There are a lot of “tools” that firefighters and their commanders bring to a high-rise emergency. You have hose, hand tools, airpacks, turnout gear and the apparatus that gets you there, allows you to move water and reach high places. Yet how often do you consider the importance of a...
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Yet how often do you consider the importance of a good, detailed, yet easy-to-use pre-plan when you roll up on a working incident? A plan that can answer any question you might have about a building and its systems – how to get around, how to cut things off, how to interface with the systems – is every bit as valuable as anything you might bring into the building with you. Pre-plans can make or break the entire operation, whether it be in a chemical plant, hospital, shopping mall or high-rise building.
I’ve spoken to fire chiefs who believe in the concept of pre-planning high-rise buildings 1,000%. I’ve spoken to other chiefs who refuse to even acknowledge the presence of pre-plans and swear they would never pick one up and use it, even if the building was lit-off on arrival. The first group (thankfully, the vast majority) are the chiefs you want commanding you on the big one, because you know they have your safety and that of the occupants in the forefront of their thoughts. They are the intelligent, progressive-minded incident commanders. The “aces.” The other group are the ones you can classify under one category with one word as the title – “dangerous.” These are the chiefs who end up getting people killed because they make poor decisions based on poor information.
Let’s take a scenario and let it play out. You be the judge as to whether the concept of pre-planning truly has merit.
At 10 P.M., you are dispatched to a report of a possible fire on the 23rd floor of a nearby office tower in the central business district of your city. You roll up and are confronted by heavy fire blowing out four windows on the front of the building. All units are immediately put into service and a second alarm is transmitted. The chief and two crews cautiously approach the entrance, dodging falling glass, and are met by a security guard who yells over the noise of the alarm horns that there is a serious fire on the 23rd floor, there is no engineer on duty and people are working in the building. In addition, another guard who took the elevator up to check out the alarm hasn’t reported back since he left the lobby.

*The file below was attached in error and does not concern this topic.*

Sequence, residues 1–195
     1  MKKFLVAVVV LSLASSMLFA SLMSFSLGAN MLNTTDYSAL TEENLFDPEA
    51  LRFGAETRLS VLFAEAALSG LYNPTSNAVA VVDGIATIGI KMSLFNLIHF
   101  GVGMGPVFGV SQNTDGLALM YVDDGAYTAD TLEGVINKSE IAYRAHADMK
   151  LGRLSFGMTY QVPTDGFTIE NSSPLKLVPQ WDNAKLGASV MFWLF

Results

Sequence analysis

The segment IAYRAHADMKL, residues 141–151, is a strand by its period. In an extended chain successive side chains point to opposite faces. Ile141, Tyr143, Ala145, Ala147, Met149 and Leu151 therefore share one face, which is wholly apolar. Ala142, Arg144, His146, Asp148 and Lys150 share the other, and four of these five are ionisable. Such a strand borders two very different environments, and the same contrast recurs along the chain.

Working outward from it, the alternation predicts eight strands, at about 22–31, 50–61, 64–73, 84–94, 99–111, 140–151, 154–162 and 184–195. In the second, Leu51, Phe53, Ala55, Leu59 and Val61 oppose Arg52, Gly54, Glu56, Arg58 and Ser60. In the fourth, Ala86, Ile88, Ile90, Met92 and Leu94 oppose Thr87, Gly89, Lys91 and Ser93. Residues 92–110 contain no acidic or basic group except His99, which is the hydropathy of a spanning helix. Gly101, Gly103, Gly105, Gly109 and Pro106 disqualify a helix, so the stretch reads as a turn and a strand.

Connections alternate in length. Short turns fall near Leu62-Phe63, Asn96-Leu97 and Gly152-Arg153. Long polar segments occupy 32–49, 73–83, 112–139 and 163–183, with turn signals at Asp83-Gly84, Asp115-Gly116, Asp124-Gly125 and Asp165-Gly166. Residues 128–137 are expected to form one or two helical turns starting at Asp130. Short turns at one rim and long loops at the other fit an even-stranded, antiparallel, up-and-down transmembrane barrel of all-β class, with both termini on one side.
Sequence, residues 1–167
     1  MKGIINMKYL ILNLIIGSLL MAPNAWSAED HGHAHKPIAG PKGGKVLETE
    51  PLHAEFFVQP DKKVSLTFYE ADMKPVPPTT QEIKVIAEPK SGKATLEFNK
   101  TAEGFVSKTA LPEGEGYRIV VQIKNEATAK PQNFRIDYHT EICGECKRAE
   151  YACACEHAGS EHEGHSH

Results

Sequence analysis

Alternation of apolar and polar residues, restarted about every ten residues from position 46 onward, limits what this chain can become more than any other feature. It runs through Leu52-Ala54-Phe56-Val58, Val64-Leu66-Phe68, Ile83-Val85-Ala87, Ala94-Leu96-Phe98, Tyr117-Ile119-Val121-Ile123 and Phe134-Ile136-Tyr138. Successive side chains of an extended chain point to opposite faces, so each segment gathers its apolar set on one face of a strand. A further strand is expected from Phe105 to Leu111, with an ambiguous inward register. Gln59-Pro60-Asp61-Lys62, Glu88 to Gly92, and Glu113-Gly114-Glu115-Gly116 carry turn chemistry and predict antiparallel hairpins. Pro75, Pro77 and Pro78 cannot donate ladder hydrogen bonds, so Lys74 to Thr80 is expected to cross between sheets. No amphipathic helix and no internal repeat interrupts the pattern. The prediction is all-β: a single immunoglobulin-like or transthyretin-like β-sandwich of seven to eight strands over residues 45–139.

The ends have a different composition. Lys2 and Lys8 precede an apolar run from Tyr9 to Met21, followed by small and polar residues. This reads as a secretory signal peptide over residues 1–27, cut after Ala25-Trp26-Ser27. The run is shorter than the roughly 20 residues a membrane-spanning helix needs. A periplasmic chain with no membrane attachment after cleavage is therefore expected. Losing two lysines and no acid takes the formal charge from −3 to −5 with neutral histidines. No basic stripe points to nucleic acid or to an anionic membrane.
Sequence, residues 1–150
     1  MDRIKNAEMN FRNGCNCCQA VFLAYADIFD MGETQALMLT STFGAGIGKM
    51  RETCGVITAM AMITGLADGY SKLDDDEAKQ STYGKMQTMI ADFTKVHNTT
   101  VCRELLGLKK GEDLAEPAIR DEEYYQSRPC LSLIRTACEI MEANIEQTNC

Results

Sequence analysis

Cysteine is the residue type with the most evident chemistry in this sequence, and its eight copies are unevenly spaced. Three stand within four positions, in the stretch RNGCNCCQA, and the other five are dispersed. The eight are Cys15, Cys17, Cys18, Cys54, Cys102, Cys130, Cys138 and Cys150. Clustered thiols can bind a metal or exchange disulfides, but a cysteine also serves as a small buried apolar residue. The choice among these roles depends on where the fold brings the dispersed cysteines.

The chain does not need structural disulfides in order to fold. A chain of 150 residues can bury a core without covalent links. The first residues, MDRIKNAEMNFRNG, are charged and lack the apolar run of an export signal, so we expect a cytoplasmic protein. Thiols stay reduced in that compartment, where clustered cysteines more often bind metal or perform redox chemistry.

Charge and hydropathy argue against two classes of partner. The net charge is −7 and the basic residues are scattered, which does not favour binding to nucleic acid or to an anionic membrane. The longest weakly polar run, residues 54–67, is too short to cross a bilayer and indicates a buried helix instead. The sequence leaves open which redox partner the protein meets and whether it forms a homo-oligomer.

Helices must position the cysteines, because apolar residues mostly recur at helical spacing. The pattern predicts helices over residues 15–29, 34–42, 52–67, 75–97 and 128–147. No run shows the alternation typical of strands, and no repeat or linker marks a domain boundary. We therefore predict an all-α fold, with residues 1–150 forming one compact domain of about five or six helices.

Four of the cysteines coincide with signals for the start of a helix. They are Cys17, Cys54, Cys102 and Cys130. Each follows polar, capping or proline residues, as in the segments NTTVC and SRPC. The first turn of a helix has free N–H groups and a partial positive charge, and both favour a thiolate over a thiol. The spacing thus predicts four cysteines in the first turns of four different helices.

After the guard is directed to try to silence the lobby horns, call the chief engineer to the scene and fetch the night log (so the chief knows how many people are in the building and where they are working), he sets about addressing his most pressing concerns: How do I utilize the elevators and stairs to get my personnel and equipment up into the building? How am I going to get water on the fire? How do I get smoke out of the building? How do I cut power to the fire floor? Where are some floor plans for the upper floors? How many people are trapped and where’s that missing guard?
The questions are streaming through his mind in rapid fashion as the tension mounts. Just then, the lobby guard walks back up to the chief and hands him his occupant log – and the building’s pre-fire plan, in addition to two extra sets of floor plans for his crews. He also forks over four sets of master keys, all labeled as to what they unlock.
The dispatcher is yacking at the chief over the radio, crews are gathering around him waiting for orders and units are arriving on scene waiting for assignments. Things are happening very fast and the chief suddenly finds himself a little overwhelmed. As he begins coming up with assignments and a game plan, he turns to his aide and says, “Give me the basics on this building ASAP,” and hands him the pre-plan. His aide opens up the plan at the security desk/command post, pulls out a packet of data and drawings in the front pocket, and lays it out in front of him.